Futures on the Dow Jones Industrial Average rose after Walmart and Home Depot reported better-than-expected earnings.
Futures contracts linked to the Dow Jones Industrial Average, which includes the two major retailers, gained 56 points, or 0.1 percent. Home Depot’s third-quarter earnings exceeded expectations, thanks to a 9.8 percent increase in sales. In premarket trading, the stock rose 1.2 percent.
On Tuesday, a slew of economic data will be released, including October retail sales figures. Dow Jones economists expect sales to have increased by 1.5 percent last month, compared to 0.7 percent in September.
Industrial production figures, as well as the NAHB housing market index survey, will be released.
The Dow fell about 13 points, or 0.04 percent, during regular trading Monday, marking its fourth negative session in the last five. The 30-stock index gained nearly 136 points at the day’s high. The S&P 500 closed the day unchanged at 4,682.87 points. The benchmark index fluctuated between gains and losses during the session, gaining 0.3 percent at one end and falling 0.21 percent at another. The Nasdaq Composite was down 0.04 percent. The Russell 2000 was the underperformer, falling 0.45 percent.
Inflation and major averages
Stocks rose as interest rates rose, with the 10-year Treasury note yielding more than 1.62 percent and the 30-year Treasury bond yielding more than 2 percent. Fears of inflation are weighing on the market, following the consumer price index’s most significant annual increase in more than three decades last month. Wells Fargo Investment Institute’s Paul Christopher, head of global market strategy, believes inflation will moderate in 2022. Still, the path to lower inflation begins with higher inflation in the first half of the year.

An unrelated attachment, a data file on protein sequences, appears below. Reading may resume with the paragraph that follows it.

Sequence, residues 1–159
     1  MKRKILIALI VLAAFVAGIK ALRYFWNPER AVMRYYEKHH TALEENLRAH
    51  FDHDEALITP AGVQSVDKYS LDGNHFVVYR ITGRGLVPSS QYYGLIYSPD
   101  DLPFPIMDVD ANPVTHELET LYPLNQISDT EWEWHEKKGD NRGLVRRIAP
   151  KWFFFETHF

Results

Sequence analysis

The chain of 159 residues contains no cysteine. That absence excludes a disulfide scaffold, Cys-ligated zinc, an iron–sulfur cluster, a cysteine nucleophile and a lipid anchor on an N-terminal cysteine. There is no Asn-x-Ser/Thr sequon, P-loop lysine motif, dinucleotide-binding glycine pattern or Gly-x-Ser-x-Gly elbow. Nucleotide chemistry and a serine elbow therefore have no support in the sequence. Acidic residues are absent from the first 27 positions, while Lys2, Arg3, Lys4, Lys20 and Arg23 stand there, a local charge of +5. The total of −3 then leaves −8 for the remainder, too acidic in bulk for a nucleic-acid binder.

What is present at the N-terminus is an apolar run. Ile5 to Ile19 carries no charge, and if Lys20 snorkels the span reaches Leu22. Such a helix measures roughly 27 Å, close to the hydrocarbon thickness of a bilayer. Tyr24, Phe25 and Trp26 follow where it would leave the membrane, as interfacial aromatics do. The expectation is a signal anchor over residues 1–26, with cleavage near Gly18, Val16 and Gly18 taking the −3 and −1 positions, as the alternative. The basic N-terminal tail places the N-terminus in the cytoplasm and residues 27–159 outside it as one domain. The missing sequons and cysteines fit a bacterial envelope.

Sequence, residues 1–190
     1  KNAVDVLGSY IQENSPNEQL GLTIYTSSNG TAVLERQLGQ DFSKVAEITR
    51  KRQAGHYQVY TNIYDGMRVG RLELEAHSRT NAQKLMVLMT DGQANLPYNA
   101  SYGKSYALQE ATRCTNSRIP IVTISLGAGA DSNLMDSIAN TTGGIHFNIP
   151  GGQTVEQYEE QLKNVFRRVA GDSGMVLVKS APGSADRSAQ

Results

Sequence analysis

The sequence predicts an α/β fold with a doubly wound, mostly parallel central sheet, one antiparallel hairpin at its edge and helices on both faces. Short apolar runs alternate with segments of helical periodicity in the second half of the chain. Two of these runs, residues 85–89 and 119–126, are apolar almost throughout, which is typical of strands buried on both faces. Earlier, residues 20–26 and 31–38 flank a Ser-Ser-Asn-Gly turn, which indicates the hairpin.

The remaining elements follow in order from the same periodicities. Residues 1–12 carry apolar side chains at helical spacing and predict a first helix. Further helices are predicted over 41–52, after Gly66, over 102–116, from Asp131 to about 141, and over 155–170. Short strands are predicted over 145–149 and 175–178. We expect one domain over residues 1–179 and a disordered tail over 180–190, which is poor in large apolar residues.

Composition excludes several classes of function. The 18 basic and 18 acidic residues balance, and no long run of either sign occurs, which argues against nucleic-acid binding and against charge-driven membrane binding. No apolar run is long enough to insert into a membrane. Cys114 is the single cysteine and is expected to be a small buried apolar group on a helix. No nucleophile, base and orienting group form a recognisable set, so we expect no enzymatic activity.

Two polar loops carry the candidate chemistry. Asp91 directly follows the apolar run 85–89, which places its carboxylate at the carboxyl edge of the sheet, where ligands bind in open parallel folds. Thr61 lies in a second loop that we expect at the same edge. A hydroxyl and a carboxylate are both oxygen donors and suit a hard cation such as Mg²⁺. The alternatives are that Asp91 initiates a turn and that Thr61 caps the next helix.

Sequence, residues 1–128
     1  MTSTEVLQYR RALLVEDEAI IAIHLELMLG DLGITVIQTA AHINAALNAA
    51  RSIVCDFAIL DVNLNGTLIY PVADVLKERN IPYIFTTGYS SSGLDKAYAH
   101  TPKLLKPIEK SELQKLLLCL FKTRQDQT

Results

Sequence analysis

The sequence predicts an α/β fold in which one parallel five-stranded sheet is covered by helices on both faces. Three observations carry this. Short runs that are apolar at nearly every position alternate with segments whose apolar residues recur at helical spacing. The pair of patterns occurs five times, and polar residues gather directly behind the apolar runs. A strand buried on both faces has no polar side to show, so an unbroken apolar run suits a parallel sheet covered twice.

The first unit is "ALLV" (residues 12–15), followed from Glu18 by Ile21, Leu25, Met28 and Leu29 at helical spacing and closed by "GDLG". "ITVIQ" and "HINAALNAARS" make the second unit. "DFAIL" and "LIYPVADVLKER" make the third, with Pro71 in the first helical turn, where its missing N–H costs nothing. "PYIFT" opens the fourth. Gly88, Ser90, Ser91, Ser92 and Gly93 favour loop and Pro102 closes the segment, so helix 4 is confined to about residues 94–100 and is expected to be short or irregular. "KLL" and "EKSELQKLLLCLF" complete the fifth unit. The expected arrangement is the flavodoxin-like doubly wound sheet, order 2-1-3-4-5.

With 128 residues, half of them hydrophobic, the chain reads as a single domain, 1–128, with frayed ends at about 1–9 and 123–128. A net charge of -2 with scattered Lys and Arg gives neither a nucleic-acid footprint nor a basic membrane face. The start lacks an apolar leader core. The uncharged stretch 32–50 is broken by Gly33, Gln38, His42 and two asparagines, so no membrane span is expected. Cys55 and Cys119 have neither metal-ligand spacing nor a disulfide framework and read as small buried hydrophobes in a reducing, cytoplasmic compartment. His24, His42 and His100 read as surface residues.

According to our base case, the stickier inflation drivers are likely to persist. However, they will not outweigh the improvement in transitory elements.
President Joe Biden signed the $1 trillion bipartisan infrastructure bill into law on Monday afternoon. Transportation, broadband, and utility funding are all included in the package.
The major averages experienced their first negative week in six, but stocks remain near all-time highs. Some Wall Street strategists, such as Morgan Stanley’s Michael Wilson, believe the picture is bleak for 2022.
With financial conditions tightening and earnings growth slowing, the 12-month risk/reward for the broad indices at current prices appears unappealing. However, strong nominal GDP growth should continue to provide plenty of good stock-level investment opportunities for active managers.